The times in which city planners could plan a city, e.g. Karlsruhe, on the drawing board as a planned city on open ground, are past. Today, city administrations face the demands and interests of many different groups in urban planning; the space for urban corridors, i.e. important transit routes, is often limited to boot. In order to plan, design, and manage this space, especially on the most important urban thoroughfares, it is necessary to optimally distribute the available capacities in terms of space and time. As part of the MORE research project, 18 European partner organizations and companies have therefore joined forces to provide a comprehensive overview of road space design in Europe.

Inga Luchmann, PTV Group
Inga Luchmann, PTV Group: "It was important to us to have a long-term approach that is transferable beyond Germany."

The objective approach of MORE

The main goal of MORE is to develop a comprehensive and especially objective approach to the planning, design, and management of the existing road space on the most important urban thoroughfares – a basis for solving current and future problems. Another goal is to put city administrations in a position to make the most efficient possible use of the road space available by distributing the existing capacities optimally in terms of space and time. For this purpose, MORE has developed a series of planning instruments with which it is possible to create and test a complete road planning process. “The road is an ecosystem,” says Inga Luchmann, Senior Project Manager at PTV Group, and she explains: “With the new project approach, we are changing the way we see the road space, work with it, and use it. We examine the public space from house wall to house wall, above and below the ground. We have developed the tools with which cities, also with the involvement of citizens in planning processes, can find new design concepts for their road spaces.”

The various interest groups

Many interest groups – with completely different needs – share the existing road space. Therefore, in the project 18 very different European partners were assembled, including five cities, the European Cyclists’ Federation, the International Federation of Pedestrians, and also an advisory council supporting the project, among others with the Gehl-Institut. Luchmann explains: “Precisely this mix of different interests ensured just the right arc of suspense in the project – and in the end, it led to recommendations for action that take all perspectives into account.”

Dynamic simulation of traffic flows in the road space

In order to be able to make any recommendations for action, you must first model the streams and flows of the different user groups of a road space. The microscopic, behavior-based simulation tool PTV Vissim was used for this purpose. It enables the simulation, analysis, and evaluation of traffic flows and interactions between pedestrian flows, bicycles, and public and private traffic. Peter Sukennik, Technical Product Manager at the PTV Group, says: “With the new functions that were developed in the course of MORE, Vissim provides a better modeling of the real world in its whole complexity. It doesn’t just model moving traffic, it offers dynamic and realistic modeling, e.g. of parking, loading, and activities on the side of the road, including the interaction of various road users on the side of the road or on plazas.” The effects of the Corona pandemic on the project were interesting: In addition to shifting the time of project work, fewer in-person meetings, and personnel absences, new distance rules were enabled in the PTV Vissim software.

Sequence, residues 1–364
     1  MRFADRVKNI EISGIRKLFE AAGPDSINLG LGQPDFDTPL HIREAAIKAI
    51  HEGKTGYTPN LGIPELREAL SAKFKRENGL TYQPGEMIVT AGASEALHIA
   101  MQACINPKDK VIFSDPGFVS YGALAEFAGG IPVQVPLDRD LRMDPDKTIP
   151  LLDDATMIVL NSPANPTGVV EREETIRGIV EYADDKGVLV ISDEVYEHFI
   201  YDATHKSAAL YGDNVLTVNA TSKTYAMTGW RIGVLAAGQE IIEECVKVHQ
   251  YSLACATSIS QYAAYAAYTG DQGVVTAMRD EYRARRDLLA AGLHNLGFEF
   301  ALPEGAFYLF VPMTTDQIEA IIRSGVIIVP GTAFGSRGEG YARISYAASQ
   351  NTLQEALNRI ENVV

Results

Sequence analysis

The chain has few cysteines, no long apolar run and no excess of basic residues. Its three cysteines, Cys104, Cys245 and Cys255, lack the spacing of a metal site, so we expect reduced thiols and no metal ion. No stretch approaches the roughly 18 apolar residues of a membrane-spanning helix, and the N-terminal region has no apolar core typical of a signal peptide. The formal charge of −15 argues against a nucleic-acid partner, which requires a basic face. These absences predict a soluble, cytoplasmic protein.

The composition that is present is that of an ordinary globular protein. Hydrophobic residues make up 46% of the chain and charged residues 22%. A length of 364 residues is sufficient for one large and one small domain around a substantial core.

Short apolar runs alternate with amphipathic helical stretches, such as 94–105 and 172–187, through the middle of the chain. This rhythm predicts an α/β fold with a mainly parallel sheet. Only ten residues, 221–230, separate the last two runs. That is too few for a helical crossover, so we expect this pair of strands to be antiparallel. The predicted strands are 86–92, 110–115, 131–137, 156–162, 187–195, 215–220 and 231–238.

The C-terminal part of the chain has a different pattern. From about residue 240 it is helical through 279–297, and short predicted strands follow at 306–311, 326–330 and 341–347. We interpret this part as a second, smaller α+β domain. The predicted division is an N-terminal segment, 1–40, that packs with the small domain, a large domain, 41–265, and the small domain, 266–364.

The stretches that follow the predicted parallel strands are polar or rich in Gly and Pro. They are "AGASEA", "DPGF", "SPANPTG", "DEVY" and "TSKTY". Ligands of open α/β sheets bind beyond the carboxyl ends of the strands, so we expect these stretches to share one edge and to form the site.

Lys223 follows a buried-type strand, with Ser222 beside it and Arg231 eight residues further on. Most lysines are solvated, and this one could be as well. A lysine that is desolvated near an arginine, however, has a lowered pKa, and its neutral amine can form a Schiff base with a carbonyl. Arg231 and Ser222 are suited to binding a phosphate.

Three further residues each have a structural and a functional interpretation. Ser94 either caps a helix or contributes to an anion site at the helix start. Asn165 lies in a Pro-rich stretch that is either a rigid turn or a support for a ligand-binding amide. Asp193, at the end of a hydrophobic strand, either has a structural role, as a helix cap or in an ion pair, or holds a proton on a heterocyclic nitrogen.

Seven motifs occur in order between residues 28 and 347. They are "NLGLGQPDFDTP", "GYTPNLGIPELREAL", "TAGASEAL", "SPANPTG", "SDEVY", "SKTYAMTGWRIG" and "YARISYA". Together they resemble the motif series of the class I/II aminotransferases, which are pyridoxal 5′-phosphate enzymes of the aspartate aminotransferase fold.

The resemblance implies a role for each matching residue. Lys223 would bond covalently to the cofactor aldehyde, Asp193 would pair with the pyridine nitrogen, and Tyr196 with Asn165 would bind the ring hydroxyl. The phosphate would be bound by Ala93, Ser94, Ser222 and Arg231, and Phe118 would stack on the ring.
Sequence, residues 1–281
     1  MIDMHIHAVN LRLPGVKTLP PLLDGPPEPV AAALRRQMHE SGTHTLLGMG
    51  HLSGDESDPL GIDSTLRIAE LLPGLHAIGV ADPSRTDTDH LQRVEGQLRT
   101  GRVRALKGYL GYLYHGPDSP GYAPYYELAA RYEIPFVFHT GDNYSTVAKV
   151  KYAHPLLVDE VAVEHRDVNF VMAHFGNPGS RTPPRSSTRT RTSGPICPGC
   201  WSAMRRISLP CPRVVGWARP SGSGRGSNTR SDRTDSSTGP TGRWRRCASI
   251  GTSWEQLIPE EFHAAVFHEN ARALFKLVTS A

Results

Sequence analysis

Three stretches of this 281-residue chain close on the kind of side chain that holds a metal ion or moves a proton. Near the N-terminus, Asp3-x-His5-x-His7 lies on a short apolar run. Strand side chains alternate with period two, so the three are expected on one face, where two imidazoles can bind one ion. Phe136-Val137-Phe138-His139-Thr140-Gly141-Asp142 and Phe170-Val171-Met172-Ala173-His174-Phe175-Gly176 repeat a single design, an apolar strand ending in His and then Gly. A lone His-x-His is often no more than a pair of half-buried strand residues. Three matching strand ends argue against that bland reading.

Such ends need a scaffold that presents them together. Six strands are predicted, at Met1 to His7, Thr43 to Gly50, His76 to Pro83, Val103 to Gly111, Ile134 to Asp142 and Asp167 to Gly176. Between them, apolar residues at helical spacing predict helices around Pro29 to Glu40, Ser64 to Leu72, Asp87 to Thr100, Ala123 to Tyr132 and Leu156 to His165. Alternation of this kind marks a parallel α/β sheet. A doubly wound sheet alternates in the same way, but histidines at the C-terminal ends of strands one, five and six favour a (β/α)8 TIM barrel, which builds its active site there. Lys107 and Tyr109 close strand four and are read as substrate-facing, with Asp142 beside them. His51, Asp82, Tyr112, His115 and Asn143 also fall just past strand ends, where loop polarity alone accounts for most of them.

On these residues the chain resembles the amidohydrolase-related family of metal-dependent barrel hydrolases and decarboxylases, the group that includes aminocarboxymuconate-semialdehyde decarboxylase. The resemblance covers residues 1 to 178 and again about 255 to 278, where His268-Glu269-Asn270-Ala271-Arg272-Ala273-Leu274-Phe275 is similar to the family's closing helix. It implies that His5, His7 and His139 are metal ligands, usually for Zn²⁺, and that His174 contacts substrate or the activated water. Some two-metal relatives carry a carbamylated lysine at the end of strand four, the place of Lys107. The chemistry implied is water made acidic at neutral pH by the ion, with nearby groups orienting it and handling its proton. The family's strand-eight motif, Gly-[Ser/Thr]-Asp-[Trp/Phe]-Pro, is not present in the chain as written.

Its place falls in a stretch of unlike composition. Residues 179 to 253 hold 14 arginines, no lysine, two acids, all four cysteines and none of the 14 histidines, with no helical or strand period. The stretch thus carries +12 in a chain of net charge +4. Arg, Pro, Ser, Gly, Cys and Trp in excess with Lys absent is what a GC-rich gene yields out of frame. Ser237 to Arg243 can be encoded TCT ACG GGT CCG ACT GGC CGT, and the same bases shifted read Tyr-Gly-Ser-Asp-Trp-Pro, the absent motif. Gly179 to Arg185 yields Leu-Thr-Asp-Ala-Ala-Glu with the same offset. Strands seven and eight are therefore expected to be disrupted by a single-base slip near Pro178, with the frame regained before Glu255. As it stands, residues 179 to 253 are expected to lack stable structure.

Peter sukennik
Peter Sukennik, PTV Group: "Vissim shows better modelling of the real world in all its complexity."

Specific handbook and tools

In addition to the simulation, the project participants examined existing guidelines and practices, they evaluated case studies with citizens’ participation in the “MORE cities”, and refined tools and processes for design of the road space. After project completion, the implementation of the results is now essential for the continuous improvement of streets in our cities. To achieve this goal, the project partners summarized the results in an extensive handbook: “Better Streets for Better Cities: A handbook for active road planning, design, and management.” Both the long version and the short version “Handbook Popular Version,” include a process description, details to the tools, not to mention an extensive overview of the results of MORE. The project team added a series of specific recommendations for action.

To implement these recommendations, the right tool often makes the difference. Therefore, additional tools were developed or enhanced for the communities:

Positive resonance

“There have already been many positive reports from communities that were very satisfied with the tools,” says Sukennik, “and this especially because the existing software that is actually used in practice has been enhanced. Furthermore, interest in the possibilities of simulation tools, also for the purpose of sustainable city planning, has increased worldwide; cities in Romania and Hong Kong have already indicated their interest.”

“I regard the project as a true all-around analysis of the current topic of road space design including testing,” adds Luchmann enthusiastically. “In the process, we have examined all road users and modes of transport.”

The path is therefore clear for future-oriented and sustainable design of road space.

Background information

Traffic simulation for real transparency

Create a basis for decision-making for your city planning or provide evidence for the traffic performance of traffic systems, for example.

About the Author

Intelligent solutions for mobility are the heart of PTV – and the core of Iras reporting. She writes about #mobility4humanity #smartSolutions4mobility and #cities4people.

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